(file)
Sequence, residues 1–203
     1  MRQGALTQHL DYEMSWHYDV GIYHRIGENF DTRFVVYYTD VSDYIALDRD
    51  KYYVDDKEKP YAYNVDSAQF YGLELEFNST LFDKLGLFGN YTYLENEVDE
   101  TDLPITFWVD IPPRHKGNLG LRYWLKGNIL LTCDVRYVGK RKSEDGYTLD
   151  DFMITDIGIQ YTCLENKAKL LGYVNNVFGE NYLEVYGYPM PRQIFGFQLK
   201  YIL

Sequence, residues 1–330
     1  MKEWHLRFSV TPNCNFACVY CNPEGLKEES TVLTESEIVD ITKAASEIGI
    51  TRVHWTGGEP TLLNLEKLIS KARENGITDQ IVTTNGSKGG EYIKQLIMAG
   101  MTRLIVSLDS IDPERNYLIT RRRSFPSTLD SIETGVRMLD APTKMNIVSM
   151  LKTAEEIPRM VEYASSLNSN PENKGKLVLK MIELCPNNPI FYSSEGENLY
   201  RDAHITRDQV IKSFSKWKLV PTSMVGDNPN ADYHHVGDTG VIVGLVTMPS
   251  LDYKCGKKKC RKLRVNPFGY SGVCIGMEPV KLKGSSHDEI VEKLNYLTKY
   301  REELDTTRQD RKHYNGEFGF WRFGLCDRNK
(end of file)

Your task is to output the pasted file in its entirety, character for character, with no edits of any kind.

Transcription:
Sequence, residues 1–203
     1  MRQGALTQHL DYEMSWHYDV GIYHRIGENF DTRFVVYYTD VSDYIALDRD
    51  KYYVDDKEKP YAYNVDSAQF YGLELEFNST LFDKLGLFGN YTYLENEVDE
   101  TDLPITFWVD IPPRHKGNLG LRYWLKGNIL LTCDVRYVGK RKSEDGYTLD
   151  DFMITDIGIQ YTCLENKAKL LGYVNNVFGE NYLEVYGYPM PRQIFGFQLK
   201  YIL

Sequence, residues 1–330
     1  MKEWHLRFSV TPNCNFACVY CNPEGLKEES TVLTESEIVD ITKAASEIGI
    51  TRVHWTGGEP TLLNLEKLIS KARENGITDQ IVTTNGSKGG EYIKQLIMAG
   101  MTRLIVSLDS IDPERNYLIT RRRSFPSTLD SIETGVRMLD APTKMNIVSM
   151  LKTAEEIPRM VEYASSLNSN PENKGKLVLK MIELCPNNPI FYSSEGENLY
   201  RDAHITRDQV IKSFSKWKLV PTSMVGDNPN ADYHHVGDTG VIVGLVTMPS
   251  LDYKCGKKKC RKLRVNPFGY SGVCIGMEPV KLKGSSHDEI VEKLNYLTKY
   301  REELDTTRQD RKHYNGEFGF WRFGLCDRNK